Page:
The border collie is a working breed, and a border collie has to have a job. It can be herding sheep, cattle, baby chicks or kids, chasing birds off airport runways or competitive sporting such as flyball or agility. Anything that involves several hours a day of exercise and togetherness can keep your BC happy and well-behaved. If you spend long hours at work or lead a sedentary life, the border collie might not be the right breed for you. Not that border collies can't be great companions and family pets -- they can. A little homework will tell you if you and a BC can find happiness together.
Evaluate your home and lifestyle. Work out how your and your border collie will train, work and play. Decide how much time and energy you are willing devote to dog-related activities, and find out where and when these are available in your area.
Do some research. Read up on border collies and familiarize yourself with their history and background. Good sources of basic information are the American Kennel Club and the International Sheepdog Society. Learn the breed's positives and negatives, but remember that every border collie is an individual with a unique personality that may not fit the breed's general temperamental description.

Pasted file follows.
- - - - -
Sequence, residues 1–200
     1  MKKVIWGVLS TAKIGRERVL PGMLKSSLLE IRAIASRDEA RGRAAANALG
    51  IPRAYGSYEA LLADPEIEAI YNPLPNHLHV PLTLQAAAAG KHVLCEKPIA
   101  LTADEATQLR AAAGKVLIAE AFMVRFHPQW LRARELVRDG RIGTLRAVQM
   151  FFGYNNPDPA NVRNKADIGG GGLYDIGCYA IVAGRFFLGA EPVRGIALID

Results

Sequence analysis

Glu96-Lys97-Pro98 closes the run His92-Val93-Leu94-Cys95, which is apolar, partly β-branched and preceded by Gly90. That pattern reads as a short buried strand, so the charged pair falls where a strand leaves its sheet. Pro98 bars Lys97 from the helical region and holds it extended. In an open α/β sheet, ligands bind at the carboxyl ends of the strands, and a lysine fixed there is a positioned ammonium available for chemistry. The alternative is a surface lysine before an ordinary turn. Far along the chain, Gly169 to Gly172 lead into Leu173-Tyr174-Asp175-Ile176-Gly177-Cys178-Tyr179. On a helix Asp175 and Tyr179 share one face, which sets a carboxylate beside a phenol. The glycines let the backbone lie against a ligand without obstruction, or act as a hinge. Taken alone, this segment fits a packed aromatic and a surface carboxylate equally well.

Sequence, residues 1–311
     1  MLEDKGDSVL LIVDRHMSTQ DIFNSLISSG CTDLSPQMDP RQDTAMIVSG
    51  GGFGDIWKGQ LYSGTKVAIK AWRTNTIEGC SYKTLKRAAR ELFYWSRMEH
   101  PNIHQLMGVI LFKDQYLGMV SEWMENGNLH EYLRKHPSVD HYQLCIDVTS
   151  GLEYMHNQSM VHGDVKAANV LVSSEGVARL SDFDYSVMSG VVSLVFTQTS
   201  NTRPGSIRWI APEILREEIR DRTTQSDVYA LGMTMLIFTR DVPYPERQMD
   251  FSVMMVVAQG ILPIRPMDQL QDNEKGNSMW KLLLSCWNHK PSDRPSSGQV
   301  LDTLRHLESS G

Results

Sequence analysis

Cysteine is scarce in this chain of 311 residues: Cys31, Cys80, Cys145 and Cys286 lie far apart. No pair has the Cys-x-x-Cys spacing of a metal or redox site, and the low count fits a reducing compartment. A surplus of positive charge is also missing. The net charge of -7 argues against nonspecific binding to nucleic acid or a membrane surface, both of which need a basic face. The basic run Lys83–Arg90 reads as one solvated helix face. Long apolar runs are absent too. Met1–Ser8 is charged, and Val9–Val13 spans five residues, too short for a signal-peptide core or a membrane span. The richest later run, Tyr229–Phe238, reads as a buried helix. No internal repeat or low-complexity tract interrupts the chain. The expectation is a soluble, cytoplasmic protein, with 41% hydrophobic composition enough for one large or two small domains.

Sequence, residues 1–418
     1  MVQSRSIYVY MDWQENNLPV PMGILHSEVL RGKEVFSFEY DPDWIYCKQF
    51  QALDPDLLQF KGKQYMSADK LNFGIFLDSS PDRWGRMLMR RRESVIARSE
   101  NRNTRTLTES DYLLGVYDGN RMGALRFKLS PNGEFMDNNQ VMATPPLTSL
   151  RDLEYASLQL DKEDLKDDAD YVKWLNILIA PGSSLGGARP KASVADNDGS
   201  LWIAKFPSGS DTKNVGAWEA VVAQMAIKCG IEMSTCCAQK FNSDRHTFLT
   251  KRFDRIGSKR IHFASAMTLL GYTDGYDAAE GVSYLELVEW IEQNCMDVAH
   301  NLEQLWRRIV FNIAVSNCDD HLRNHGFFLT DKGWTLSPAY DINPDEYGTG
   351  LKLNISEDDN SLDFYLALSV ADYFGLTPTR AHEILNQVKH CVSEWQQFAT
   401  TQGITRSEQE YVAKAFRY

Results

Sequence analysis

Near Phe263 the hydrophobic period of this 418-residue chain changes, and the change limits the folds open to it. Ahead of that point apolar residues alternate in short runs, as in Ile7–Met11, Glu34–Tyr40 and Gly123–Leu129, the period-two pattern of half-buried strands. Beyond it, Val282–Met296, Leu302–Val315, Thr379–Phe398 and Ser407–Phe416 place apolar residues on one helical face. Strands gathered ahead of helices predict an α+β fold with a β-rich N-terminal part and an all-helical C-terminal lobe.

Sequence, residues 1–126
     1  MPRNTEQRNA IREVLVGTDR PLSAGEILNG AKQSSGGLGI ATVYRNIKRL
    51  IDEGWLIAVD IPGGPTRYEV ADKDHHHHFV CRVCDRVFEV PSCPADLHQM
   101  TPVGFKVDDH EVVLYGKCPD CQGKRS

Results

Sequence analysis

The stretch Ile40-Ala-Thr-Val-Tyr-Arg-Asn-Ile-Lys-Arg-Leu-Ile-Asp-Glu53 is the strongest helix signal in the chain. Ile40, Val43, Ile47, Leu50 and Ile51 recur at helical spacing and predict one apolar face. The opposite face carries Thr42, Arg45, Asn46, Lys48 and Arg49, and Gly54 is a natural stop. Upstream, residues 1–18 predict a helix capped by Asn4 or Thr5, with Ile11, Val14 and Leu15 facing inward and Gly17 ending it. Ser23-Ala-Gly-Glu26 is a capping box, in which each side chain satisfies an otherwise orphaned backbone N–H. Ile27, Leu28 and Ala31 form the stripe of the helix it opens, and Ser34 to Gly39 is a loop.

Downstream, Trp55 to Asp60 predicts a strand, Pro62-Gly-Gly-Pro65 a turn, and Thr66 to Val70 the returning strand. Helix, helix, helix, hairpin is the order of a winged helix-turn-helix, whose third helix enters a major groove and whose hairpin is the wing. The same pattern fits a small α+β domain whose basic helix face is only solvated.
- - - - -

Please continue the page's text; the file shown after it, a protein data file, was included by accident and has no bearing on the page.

Consult experts -- real people who work with border collies such as farmers, shepherds and specialty handlers. Find a reputable border collie breeder and ask for information and advice; make a visit and study the dogs. Contact border collie rescue organizations -- their mission is to place rejected dogs in the right home for each one, and they understand the pitfalls of border collie ownership.
Sample the field. Get out and meet all the border collies you can find. Ask friends or make friends -- go to a dog park and talk to people with BCs about their dogs. Attend dog shows and field trials and watch border collies on the bench and in action. Check with nearby animal shelters and ask how many border collies they take in and why -- chances are it's because the previous owner found the dog hyper and unmanageable, which means they were unprepared for a BC.
Decide whether to adopt an adult dog or start from scratch with a puppy. Either way, plan to start training immediately. Choose from the behavioral middle ground: not the shy one hiding in a corner or the aggressive one gnawing your ankle. Look for one that's friendly but calm and even a little reserved. Pay no attention to color or conformation unless you want a show dog. Handle the puppy or work with the dog and get a feel for the personality. Choose carefully, because it's a serious commitment. Above all, be prepared -- in the words of a longtime dog breeder/trainer, "If you don't give a border collie enough to do and think about, she'll make stuff up and you won't like it!"
- border collie3 image by Cliff Lloyd from Fotolia.com